Times Eureka Pavilion
When technological progress meets the need and inspiration for change, a new aspiring creation evolves. One of the Royal Botanical gardens has evolved to present the Times Eureka Pavilion, a unique construction built by Nex studio, which is a contribution to the RHS Chelsea Flower Show, at the annual garden exhibition. Let’s explore its intricate design!
Royal Botanic Gardens New Pavilion
The story of Times Eureka pavilion is quite intriguing, as the Times asked Marcus Barnett Landscape Architects to design a unique garden pavilion, where technology meets eco-friendly approaches. In return, Barnett has asked famous Nex architecture company to help with architectural construction. Moreover, the initial client, Times has made a specific request to make an emphasis on Eureka magazine, which is a part of a bigger Times corporation.
The unique construction follows the sponge like structure, what mimicries the leaf capillaries. The structure is made from wood, where the 3D meets architectural and structural needs. As described by NEX Principal Alan Dempsey they extended the unique design concept of the garden by imitating the plant cells. It is interesting to note, that the final result is very intriguing, as the walls form the relationship with the inner environment, creating a harmony within the pavilion.
The plants for this exposition were specifically chosen to display the purpose of the pavilion. There are plants which play an important role in the modern society, plants that are of medicinal, commercial and industrial value, what highlights the fact that we could not survive without them. As say NEX architecture representatives: “The final structure was designed using computer algorithms that mimic natural growth and is intended to allow visitors to experience the patterns of biological structure at an unfamiliar scale. The primary structure is timber sourced from sustainable spruce forests with a glass panelled roof.”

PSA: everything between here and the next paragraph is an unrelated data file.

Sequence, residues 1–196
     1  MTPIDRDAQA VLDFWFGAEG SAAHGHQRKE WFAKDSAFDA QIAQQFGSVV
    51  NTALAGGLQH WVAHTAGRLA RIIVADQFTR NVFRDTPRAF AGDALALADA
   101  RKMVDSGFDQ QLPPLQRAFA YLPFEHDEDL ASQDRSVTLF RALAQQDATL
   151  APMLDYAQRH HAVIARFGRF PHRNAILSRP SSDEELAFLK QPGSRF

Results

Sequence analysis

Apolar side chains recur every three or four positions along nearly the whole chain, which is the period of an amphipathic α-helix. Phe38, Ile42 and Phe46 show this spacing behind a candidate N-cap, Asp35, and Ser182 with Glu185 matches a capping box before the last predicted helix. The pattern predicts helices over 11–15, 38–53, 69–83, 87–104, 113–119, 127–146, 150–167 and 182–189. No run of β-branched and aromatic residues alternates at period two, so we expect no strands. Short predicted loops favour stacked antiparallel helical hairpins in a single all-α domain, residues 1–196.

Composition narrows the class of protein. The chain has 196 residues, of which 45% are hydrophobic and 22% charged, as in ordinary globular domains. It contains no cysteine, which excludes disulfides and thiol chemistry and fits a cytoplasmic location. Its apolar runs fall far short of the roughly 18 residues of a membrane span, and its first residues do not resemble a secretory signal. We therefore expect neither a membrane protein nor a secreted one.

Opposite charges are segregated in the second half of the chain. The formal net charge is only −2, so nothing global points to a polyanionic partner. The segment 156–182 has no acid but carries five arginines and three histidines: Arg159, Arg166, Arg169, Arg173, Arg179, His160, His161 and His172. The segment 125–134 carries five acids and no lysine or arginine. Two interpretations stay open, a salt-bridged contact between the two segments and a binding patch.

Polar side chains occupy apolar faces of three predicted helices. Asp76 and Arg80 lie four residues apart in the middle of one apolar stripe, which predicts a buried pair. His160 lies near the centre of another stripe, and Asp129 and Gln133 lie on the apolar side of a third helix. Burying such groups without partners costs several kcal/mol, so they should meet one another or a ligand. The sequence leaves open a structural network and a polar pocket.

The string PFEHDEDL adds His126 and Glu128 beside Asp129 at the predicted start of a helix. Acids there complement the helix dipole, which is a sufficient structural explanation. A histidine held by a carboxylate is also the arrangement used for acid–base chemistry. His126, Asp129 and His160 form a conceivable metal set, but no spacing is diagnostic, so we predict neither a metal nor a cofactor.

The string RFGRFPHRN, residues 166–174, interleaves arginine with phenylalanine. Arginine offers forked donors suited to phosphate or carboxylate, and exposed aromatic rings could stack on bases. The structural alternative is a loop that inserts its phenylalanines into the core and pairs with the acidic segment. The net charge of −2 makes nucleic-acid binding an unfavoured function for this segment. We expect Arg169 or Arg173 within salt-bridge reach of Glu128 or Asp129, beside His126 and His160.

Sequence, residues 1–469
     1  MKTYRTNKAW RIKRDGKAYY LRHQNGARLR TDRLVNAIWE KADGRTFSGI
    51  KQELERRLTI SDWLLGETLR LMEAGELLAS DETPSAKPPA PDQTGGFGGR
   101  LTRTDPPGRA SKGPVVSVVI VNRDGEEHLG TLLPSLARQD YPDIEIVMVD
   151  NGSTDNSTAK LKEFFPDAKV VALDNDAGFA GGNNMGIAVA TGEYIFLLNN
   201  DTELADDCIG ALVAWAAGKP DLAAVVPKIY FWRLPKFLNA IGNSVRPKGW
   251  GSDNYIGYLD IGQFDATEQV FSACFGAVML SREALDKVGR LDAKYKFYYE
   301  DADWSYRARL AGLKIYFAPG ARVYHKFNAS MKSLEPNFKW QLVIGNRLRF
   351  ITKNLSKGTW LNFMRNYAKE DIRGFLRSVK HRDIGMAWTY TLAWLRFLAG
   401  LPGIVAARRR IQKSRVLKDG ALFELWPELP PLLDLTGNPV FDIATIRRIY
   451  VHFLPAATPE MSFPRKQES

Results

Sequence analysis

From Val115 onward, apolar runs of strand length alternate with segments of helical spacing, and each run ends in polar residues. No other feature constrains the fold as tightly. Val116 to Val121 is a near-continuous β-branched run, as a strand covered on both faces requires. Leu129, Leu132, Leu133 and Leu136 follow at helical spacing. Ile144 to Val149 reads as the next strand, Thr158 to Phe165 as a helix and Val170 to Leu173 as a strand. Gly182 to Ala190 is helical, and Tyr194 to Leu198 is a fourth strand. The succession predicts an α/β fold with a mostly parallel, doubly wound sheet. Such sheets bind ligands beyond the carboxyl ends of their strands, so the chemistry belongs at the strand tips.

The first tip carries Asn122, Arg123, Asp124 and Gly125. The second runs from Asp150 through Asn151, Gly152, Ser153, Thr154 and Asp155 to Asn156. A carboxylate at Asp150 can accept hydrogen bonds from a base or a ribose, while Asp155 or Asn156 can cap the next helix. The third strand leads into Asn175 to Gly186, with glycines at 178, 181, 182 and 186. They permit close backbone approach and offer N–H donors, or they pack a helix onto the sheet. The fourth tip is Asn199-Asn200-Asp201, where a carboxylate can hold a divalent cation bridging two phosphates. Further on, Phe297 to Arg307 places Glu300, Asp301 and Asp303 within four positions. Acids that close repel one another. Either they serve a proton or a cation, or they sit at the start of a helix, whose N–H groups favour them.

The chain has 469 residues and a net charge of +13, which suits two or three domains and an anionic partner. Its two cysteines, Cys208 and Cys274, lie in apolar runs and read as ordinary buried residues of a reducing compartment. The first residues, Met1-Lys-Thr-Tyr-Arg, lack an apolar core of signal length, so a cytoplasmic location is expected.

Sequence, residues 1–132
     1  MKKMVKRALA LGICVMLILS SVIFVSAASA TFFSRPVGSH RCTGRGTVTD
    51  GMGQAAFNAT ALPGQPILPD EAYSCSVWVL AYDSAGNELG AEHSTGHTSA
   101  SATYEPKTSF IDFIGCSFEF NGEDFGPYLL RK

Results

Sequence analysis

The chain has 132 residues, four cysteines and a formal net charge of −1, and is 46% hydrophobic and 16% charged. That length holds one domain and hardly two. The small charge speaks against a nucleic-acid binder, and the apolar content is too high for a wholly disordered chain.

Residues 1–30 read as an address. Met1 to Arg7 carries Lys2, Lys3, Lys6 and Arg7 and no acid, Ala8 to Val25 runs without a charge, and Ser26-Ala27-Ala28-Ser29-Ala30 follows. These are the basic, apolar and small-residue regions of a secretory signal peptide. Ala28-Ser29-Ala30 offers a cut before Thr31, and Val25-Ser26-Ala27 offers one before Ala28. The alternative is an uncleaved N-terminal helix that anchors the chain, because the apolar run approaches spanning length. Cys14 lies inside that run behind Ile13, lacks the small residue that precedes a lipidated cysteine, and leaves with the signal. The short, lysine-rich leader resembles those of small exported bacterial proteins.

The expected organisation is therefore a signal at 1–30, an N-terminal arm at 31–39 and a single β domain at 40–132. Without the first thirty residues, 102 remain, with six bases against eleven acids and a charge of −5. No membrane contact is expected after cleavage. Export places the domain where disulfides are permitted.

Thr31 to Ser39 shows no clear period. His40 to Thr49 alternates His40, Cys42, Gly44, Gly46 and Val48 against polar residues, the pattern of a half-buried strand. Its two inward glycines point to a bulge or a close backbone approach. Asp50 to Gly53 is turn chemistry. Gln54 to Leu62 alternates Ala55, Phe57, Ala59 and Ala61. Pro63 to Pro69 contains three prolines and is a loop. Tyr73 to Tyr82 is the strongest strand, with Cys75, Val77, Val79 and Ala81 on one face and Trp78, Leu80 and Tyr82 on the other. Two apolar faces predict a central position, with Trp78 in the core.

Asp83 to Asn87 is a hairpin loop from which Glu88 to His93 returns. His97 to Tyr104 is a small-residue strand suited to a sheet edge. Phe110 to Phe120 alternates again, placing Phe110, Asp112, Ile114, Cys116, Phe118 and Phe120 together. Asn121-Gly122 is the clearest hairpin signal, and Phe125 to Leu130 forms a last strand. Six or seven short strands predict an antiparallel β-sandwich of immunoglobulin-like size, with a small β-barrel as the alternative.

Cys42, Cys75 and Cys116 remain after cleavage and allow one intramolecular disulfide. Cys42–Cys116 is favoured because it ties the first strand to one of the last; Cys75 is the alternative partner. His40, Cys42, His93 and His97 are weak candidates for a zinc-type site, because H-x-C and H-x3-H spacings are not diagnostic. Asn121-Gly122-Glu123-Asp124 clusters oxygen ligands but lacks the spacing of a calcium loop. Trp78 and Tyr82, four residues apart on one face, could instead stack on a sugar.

The general impression of the pavilion, is as of a breathing organism that moves alongside you movement. The walls are made with timber and plastic cells, and the water which runs down the walls resembles exposed capillaries. One last thing: that the pavilion is constructed on the surface of recycled materials, and once it is transported to Royal Botanical Gardens at Kew, nothing will stand out there. The current location of the pavilion is against the backdrop of Kew’s historical UNESCO World Heritage Site landscape.
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